Reader Question: To Jeep – or Not?

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Here’s the latest reader question, along with my reply!

Rodko asks: Longtime reader, follower and donor (at times) with a question I hope you can help with. I own a 2006 Mazda MX5 which I purchased as a fun roadster. It has been a ball to drive. It’s not a fast car, but it’s a fun car, unencumbered by most nanny distraction electronics of later year models. However over the past year with all the Corunka idiocy, I’ve found that I’m staying out of the city and enjoying getting out into the bush on my 250 enduro motorcycle more and more often, simply to get away from the stupidity.

Also, the pavement pork has been much more frisky lately, waylaying innocent travelers for the most trifling of reasons, which has kept me out of the car and riding the dodgy and rather invisible knobby tired bike. I’m often thinking how it would be nice to be able to carry more bush/camping gear than fits on a motorcycle, so I’m looking at selling/trading the MX5 for a Jeep: 2door, manual, a few years old at least so as to keep the cost down and stay away from as much electronic junk as I can. I live in the Pacific NorthWest of Canada and am looking for a fairly tough, logging road worthy vehicle. I’m not going to beat the crap out of it, but value something durable. I was wondering about your opinion on Jeeps – the YJ/Wrangler style – and whether you think they are a decent option.

Are there things to look out for, or particular years you would recommend? Or, if you think they are worth avoiding, are there other truck frame or solid SUV’s that you would recommend? Thanks for your time and keep up the great writing!

My reply: Jeeps – and Wranglers, especially – are fun but their track record for reliability is less than the best. They are, however, very capable and they are among the few such vehicles still available with a manual transmission. There is also the option to get a bed, in the iteration of the new Gladiator – which is basically a four-door Wrangler with a short bed out back. It could carry your dirt bike without you having to hook up a trailer.

That said, I’d steer you toward a Toyota 4Runner or (if you’re game for it) an older, late ’90s-early 2000s era Nissan Frontier. These are stout little pick-ups that were available with manual-hub 4×4 and very sturdy four cylinder engines that will run 250,000-plus miles without giving you major problems (the timing belt/tensioner should be checked and replaced at around 175k or so, but it’s not a big deal).

The current Frontier – which is mid-sized – would also be a good choice and is my recommend vs. the others in the class.

Another one to consider – maybe – is probably one you haven’t thought of. The Honda Ridgeline. Yes, seriously. It’s not a “truck” in the traditional sense as it hasn’t got a two-speed transfer case and 4WD Low range gearing but the thing is extremely capable – ask around – and also extremely reliable, long-lived and practical. It has a number of very useful features such as a tiered bed storage system and it can easily carry a dirt bike . . . two of them.

PS: I wish I still had my dirt bike!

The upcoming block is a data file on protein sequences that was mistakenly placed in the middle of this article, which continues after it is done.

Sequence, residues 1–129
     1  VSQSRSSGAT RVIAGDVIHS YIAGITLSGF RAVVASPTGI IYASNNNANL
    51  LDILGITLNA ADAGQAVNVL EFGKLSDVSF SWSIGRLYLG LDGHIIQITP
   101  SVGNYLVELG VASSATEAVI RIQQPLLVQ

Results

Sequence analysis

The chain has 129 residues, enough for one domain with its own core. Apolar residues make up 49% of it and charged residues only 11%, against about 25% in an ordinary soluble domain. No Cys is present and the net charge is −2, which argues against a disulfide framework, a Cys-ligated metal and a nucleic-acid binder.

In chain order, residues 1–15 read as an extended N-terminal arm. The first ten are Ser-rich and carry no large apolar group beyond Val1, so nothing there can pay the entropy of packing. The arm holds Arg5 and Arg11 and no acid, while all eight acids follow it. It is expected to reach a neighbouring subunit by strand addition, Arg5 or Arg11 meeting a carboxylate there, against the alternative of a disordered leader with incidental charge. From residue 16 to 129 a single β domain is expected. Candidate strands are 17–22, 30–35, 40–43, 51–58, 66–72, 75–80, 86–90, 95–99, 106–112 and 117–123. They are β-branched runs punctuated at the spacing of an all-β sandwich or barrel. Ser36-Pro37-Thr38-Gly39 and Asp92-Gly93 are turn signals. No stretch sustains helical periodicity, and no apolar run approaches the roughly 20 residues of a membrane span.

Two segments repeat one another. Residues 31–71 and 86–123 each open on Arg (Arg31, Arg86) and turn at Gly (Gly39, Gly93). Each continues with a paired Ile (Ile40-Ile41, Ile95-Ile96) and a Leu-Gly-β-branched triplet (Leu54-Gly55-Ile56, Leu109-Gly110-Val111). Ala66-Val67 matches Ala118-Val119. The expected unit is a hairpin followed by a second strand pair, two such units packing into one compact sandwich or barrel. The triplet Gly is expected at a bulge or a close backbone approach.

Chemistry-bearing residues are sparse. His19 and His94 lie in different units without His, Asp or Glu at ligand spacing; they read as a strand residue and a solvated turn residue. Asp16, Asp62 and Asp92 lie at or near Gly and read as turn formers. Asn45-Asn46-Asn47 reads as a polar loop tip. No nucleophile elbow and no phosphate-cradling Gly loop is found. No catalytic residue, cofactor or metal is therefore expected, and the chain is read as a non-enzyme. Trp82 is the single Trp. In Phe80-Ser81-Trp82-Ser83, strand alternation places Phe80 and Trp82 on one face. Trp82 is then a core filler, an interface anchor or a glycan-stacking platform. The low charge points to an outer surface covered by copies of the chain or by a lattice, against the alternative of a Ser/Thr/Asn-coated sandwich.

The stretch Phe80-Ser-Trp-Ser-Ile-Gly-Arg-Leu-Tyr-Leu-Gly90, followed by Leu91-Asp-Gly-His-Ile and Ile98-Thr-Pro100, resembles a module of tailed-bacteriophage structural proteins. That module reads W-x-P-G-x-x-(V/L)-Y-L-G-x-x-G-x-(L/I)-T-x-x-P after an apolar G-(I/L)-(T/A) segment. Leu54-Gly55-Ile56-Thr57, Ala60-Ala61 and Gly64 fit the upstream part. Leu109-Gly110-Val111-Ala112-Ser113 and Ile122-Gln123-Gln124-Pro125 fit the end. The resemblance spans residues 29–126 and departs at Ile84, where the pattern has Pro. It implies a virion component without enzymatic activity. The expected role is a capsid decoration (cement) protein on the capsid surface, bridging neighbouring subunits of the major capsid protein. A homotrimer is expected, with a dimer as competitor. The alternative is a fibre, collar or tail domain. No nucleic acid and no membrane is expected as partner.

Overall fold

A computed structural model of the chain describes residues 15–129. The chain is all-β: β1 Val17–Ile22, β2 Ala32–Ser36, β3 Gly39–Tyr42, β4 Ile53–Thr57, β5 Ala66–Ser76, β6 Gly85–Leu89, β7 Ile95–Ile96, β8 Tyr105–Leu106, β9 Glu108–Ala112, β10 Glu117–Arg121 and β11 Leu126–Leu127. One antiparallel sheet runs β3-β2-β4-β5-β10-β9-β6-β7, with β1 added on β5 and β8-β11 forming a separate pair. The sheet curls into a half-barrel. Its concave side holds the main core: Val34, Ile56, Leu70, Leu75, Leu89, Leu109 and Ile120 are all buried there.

. . .

Got a question about cars, Libertarian politics – or anything else? Click on the “ask Eric” link and send ’em in!

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  1. Among Jeep products, the Wranglers and TJs are among the most reliable, but everything is relative. If you’re thinking of doing much off-roading, the main failure points on Toyota’s are the CV joints on the front independent suspensions. The boots are fragile and easily damaged by sticks and rocks offroad vs the solid front axles of a TJ or Wrangler. It really depends on the intended use case.

    Anything that you get that is older will require a lot of work to maintain. Jeeps have the advantage of easy and cheap parts availability and are much easier to work on, even in their latest iterations. The electronics can be troublesome, though, and that’s where Toyota’s would have an edge. The other issue is that Jeeps hold their value dryer than any other vehicle on the road. This getting one for a reasonable price means looking at much older versions that may not have been well maintained. I purchased new vs used because even a 5 year older Wrangler goes for almost as much as a new one. A friend of mine purchases them with salvage titles and repairs them himself, saving a lot of money in the process and giving him the opportunity to modify them how he would like.

    As for the Frontiers, the latest generations are notoriously unreliable, as are all Nissans. They offer no advantage over a Wrangler in that department. The older ones, about 20 years ago and older, were wonderfully reliable (pre-Renault ownership of Nissan). Toyota is great, with the above caveats, but they are also expensive to buy new or used because they are generally reliable.

    Honestly, take a look at older half-ton pickups as they’re ubiquitous and don’t attract much attention from the bacon patrols, are easy to work on (if of adequate vintage) and parts are readily available.

  2. Ridgelines are great but have fewer off-road mods available than their body on frame competitors. They hold up to corrosion extremely well. Mine lived in new england since 2006 and only has minor rust on one rocker at 200k miles and still drives like new.
    As a jeep alternative I’d suggest the toyota fj cruiser. Visibility aint great but they’re hardy with huge aftermarket support. If you can find one a suzuki samurai or first gen sidekick blows everything short of a side by side away in the sticks but they’re rotboxes so inspect carefully.


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